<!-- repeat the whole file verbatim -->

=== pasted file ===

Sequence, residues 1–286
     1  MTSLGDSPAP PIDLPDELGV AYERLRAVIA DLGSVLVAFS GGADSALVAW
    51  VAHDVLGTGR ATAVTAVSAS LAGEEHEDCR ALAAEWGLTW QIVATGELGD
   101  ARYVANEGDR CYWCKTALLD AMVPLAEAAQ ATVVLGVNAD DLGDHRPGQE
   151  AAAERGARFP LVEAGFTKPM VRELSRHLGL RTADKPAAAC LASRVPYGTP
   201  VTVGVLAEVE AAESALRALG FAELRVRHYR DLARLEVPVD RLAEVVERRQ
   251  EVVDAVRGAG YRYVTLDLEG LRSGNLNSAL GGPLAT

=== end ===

Sequence, residues 1–286
     1  MTSLGDSPAP PIDLPDELGV AYERLRAVIA DLGSVLVAFS GGADSALVAW
    51  VAHDVLGTGR ATAVTAVSAS LAGEEHEDCR ALAAEWGLTW QIVATGELGD
   101  ARYVANEGDR CYWCKTALLD AMVPLAEAAQ ATVVLGVNAD DLGDHRPGQE
   151  AAAERGARFP LVEAGFTKPM VRELSRHLGL RTADKPAAAC LASRVPYGTP
   201  VTVGVLAEVE AAESALRALG FAELRVRHYR DLARLEVPVD RLAEVVERRQ
   251  EVVDAVRGAG YRYVTLDLEG LRSGNLNSAL GGPLAT